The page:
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LOUISVILLE, Ky. (WDRB) -- A judge ruled Friday that Kentucky’s new school choice law is unconstitutional.

Franklin Circuit Judge Phillip Shepherd found the state’s education opportunity accounts, funded through donations eligible for state tax credits, violated the Kentucky Constitution because the $25 million pool of tax credits cannot be collected for educational purposes “other than in common schools until the question of taxation has been submitted to the legal voters.”

“Accordingly, the tax credit created by this legislation must be approved by ‘the legal voters’ before it can take effect,” Shepherd said in the ruling, which can be appealed.

Shepherd blocked the state from enforcing provisions of House Bill 563, the school choice law, including prohibiting state officials from approving the creation of any account granting organizations, education opportunity accounts and any tax credits for such purposes.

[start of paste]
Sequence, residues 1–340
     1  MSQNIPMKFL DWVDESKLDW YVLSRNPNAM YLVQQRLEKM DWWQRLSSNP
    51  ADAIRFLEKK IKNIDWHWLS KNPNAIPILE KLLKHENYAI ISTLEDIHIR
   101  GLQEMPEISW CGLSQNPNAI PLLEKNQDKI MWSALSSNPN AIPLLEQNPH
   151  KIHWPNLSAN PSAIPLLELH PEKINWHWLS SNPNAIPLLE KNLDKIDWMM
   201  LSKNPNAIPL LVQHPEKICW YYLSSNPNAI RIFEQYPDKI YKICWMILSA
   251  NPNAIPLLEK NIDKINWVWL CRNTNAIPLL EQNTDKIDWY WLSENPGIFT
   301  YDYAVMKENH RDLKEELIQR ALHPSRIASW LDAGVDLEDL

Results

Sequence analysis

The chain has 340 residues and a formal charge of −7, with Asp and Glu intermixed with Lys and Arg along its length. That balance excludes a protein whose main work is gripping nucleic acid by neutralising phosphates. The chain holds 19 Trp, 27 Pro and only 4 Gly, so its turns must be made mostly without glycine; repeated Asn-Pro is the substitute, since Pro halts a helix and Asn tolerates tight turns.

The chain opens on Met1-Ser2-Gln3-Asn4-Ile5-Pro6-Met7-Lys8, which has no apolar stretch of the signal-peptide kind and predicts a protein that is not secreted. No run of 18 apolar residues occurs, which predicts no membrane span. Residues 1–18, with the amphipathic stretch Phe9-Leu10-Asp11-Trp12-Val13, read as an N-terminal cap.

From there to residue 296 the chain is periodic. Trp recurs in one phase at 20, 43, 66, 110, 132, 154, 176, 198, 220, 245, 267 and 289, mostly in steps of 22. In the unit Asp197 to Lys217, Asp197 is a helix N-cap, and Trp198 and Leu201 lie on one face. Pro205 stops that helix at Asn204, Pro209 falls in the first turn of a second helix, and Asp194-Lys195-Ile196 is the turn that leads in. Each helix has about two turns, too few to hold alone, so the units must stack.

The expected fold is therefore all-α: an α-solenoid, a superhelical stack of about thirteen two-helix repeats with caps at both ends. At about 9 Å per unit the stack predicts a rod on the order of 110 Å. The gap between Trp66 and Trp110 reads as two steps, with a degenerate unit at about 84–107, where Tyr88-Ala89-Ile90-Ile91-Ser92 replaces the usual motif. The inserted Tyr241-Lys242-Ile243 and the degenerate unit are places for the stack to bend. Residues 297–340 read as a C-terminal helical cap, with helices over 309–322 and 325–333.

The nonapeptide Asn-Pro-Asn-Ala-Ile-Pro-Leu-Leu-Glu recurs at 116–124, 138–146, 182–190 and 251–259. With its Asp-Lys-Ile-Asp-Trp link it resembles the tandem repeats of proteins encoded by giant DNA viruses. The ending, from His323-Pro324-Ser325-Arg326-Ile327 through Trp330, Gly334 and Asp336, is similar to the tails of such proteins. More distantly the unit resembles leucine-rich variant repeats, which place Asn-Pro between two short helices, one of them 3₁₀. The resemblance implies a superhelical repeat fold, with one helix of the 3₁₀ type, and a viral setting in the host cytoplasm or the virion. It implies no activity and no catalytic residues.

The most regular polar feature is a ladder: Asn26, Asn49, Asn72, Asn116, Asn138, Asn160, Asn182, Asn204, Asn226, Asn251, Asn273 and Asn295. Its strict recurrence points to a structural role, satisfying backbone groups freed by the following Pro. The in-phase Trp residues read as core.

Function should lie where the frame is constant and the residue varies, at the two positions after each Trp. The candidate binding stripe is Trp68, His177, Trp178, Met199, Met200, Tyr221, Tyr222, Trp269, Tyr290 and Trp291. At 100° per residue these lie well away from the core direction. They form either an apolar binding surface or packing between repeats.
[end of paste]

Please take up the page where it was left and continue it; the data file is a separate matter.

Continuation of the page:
"We knew from the very beginning that it was unconstitutional," said Eddie Campbell, president of the Kentucky Education Association.

"It felt good to see a judge say things that we educators have been saying," said Emilie McKiernan Blanton, a JCPS teacher, parent and JCTA union member.

Attorneys for the Institute for Justice, which represents parents who intervened in the case, criticized Friday's ruling.

"The Kentucky Constitution has no provisions that prevent the Commonwealth from providing tax credits to support giving families alternatives to the public school system," said Institute for Justice attorney Ben Field. "We look forward to vindicating this fact on appeal and ultimately at the Kentucky Supreme Court."

The Council for Better Education challenged the constitutionality of the school choice program in a June lawsuit.

Tom Shelton, the organization's executive secretary, applauded Friday's ruling "as it supports our stated position that this portion of HB563 was unconstitutional," he said in a statement.

Attorney General Daniel Cameron's office, which defended the school choice law in court, said in a message to WDRB News that it was still reviewing Friday's ruling and had no further comment at the time.

Education opportunity accounts were a significant legislative achievement in this year's legislative session for school choice advocates like EdChoice Kentucky, whose president, Andrew Vandiver, said he and the families his group represents were "disappointed" in Shepherd's decision.